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Looking ahead, not at the past

From the Editor's Notebook

October 27, 2013
by Chuck Hunt - Register Editor (chunt@faribaultcountyregister.com) , Faribault County Register

It's true. There is no denying it.

As a letter to the editor in last week's Faribault County Register so bluntly pointed out, Blue Earth's downtown Main Street just isn't what it use to be.

Once upon a time there were dozens of thriving businesses, filling every single building in a four block span. Clothing stores, department stores, shoe stores, car dealers, variety stores, pharmacies and hardware stores filled every nook and cranny.

Pictures of the downtown area from the 1930s, 1940s, 1950s and 1960s are amazing.

But, there was also a farm family on every quarter section, 4,000 people living in the town, gas was only 25 cents a gallon and there were no computers or Internet.

It was called 'the good old days.'

Those days are gone. One can sit and lament that fact, or one can face reality and try and deal with the way things are today.

The letter writer brings up several other points, which beg to be addressed.

One is the tearing down of old, empty buildings.

Again, it's true. An awful lot of Blue Earth's downtown buildings are no longer there. They have been demolished. Some are now parks or empty lots. That is a topic that has been debated locally over the years.

On the one hand, it is a real shame these buildings have been razed. On the other hand, having a downtown area filled with empty, decaying buildings that need more fixing than anyone is willing to do, isn't an asset.

It only makes the downtown less attractive.

Case in point is the Avalon Center, which the letter writer uses as an example.

It was, indeed, a controversial move for the city to buy it and tear it down. But, it is a prime example of what happens when a structure is abandoned and not maintained. It goes downhill fast. Real fast.

In the letter there is a question about city planning.

The reality is, part of the city planning is to tear down these unsightly and hazardous structures. And the Blue Earth City Council has stepped up and done just that.

They have also taken some steps to help new and existing businesses.

Through their Blue Earth Economic Development Authority (EDA), they have granted loans to businesses for all sorts of projects. And, now they are designating a significant amount of money for a grant/loan program that will help businesses do necessary costly repairs to their buildings.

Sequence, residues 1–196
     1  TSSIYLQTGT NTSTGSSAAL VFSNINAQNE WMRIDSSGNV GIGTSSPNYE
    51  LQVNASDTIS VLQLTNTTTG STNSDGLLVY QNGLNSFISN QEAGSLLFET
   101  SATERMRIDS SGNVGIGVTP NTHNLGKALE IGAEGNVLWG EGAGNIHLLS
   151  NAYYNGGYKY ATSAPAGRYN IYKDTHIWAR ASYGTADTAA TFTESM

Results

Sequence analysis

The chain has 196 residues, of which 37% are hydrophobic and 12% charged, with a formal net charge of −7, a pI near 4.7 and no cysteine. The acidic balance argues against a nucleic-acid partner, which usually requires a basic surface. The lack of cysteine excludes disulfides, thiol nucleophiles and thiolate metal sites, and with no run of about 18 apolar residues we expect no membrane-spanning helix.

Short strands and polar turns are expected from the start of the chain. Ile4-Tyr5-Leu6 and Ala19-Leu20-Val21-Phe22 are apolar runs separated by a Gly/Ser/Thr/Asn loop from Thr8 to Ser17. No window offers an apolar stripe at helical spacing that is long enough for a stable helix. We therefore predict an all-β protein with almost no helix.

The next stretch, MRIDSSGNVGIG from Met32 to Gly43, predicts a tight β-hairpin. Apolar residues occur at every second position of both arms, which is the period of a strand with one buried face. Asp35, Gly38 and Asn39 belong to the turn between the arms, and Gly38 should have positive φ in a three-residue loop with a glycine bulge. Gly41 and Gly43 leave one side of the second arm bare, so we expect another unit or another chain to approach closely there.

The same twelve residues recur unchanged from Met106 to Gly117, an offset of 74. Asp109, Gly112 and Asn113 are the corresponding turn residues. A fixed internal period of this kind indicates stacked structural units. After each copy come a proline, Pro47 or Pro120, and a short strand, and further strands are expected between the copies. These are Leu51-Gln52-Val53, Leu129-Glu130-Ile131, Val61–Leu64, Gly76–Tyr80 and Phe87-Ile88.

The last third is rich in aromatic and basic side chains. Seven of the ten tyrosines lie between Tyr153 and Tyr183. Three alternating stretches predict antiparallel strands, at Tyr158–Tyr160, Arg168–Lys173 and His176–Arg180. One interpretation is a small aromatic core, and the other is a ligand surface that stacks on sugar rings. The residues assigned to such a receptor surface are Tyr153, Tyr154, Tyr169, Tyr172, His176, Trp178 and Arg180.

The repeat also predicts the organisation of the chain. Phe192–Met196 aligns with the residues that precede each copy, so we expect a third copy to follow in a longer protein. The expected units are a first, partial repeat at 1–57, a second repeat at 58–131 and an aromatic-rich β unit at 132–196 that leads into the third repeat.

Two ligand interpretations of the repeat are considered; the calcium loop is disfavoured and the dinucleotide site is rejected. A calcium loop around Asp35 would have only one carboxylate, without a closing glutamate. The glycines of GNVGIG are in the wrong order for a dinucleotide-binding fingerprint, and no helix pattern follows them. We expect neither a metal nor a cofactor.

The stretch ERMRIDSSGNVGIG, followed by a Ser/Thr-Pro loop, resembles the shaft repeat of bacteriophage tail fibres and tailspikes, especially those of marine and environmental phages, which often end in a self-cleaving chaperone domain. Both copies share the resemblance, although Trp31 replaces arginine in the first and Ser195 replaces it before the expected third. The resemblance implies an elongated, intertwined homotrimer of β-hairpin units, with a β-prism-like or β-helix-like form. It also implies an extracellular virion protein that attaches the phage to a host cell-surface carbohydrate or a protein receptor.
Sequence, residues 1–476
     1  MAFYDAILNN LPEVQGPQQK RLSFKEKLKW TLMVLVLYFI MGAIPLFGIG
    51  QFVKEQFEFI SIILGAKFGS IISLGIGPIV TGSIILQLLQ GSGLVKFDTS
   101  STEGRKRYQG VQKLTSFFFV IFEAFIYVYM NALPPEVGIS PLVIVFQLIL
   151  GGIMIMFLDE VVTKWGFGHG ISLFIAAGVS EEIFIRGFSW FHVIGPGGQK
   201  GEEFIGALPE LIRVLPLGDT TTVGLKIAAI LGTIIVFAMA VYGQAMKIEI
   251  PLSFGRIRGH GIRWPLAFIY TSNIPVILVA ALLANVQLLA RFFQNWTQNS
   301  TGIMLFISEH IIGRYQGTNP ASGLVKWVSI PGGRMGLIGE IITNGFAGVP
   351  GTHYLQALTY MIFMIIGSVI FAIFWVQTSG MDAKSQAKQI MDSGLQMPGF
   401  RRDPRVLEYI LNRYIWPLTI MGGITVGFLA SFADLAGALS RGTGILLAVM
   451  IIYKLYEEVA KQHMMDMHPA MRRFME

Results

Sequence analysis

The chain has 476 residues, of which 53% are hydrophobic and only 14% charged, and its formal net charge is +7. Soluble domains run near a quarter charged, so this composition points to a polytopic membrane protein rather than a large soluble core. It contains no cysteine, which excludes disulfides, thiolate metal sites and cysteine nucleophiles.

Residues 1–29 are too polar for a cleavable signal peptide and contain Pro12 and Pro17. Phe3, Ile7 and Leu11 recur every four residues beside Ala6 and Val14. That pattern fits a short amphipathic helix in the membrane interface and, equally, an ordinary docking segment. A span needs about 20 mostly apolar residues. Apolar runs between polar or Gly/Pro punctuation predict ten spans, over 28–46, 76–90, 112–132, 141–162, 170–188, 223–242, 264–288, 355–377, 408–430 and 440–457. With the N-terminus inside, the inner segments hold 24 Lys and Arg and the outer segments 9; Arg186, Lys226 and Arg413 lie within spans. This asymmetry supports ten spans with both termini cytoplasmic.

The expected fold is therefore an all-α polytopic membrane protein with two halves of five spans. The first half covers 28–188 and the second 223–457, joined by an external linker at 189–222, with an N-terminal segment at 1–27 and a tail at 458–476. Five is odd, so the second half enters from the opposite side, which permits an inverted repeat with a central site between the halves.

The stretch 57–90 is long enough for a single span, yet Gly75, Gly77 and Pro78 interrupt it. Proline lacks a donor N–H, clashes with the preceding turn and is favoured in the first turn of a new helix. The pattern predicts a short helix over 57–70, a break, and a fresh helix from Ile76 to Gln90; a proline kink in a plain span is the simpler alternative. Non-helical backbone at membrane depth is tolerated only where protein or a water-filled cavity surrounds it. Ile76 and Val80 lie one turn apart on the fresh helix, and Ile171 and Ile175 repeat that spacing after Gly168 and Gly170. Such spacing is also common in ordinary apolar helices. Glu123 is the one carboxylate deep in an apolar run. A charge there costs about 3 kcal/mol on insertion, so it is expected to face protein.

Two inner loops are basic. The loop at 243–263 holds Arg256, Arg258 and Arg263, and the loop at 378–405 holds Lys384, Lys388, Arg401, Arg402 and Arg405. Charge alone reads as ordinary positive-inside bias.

That's a positive step.

The city is also doing some planning as to what can be done to improve the look of downtown when two blocks of Main Street are reconstructed by the county in 2015.

That, too, is city planning.

A line in the letter to the editor asks, 'where is the industry?'

Good heavens, did the writer not go take a look at the West Industrial Park and all of the industries located there? Has she heard the city is planning another industrial park on the north side of I-90, because this one is full to capacity?

If she was here this past Saturday she could have toured a couple of them and seen what kind of an impact they have on the town. It was all a part of Manufacturing Week, and was a celebration of what we do have here in Faribault County .

Again, we are blessed to have a solid core of industries which employ hundreds of people.

Recently Blue Earth has also been blessed with a couple of entrepreneurs who have moved to town, purchased a downtown building and renovated it. Jim Pollard did it with the Bartley building and John Oswald is doing it to the Hallmark building.

Several other businesses, Gartzke's Floral and Headlines Plus salon quickly come to mind, have recently decided to relocate to the downtown area.

We need more of that to happen.

Perhaps the letter writer would be interested in moving here from Houston, Texas, and starting a business in downtown Blue Earth. She would be welcomed with open arms.

One can sit around and remember how wonderful things were in the past and whine about how terrible things are now.

Or, you can forget about the past, celebrate and support what we do have now, and work hard, doing what one can, to make the city a better place in the future.

It's up to you.

 
 

 

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